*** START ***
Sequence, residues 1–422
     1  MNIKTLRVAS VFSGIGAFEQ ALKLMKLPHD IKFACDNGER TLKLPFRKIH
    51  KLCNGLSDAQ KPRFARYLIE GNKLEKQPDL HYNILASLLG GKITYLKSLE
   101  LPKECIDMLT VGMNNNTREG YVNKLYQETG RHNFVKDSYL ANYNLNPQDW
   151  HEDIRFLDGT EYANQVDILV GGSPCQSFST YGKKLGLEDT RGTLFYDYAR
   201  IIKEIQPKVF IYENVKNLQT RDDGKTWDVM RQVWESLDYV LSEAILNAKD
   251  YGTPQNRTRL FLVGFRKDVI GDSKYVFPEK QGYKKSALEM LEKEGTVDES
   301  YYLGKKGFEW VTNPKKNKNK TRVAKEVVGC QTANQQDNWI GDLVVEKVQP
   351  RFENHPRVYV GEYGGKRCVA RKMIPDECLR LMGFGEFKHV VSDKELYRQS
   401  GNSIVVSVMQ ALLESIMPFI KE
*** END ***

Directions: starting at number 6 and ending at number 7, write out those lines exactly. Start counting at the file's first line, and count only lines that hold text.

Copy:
   201  IIKEIQPKVF IYENVKNLQT RDDGKTWDVM RQVWESLDYV LSEAILNAKD
   251  YGTPQNRTRL FLVGFRKDVI GDSKYVFPEK QGYKKSALEM LEKEGTVDES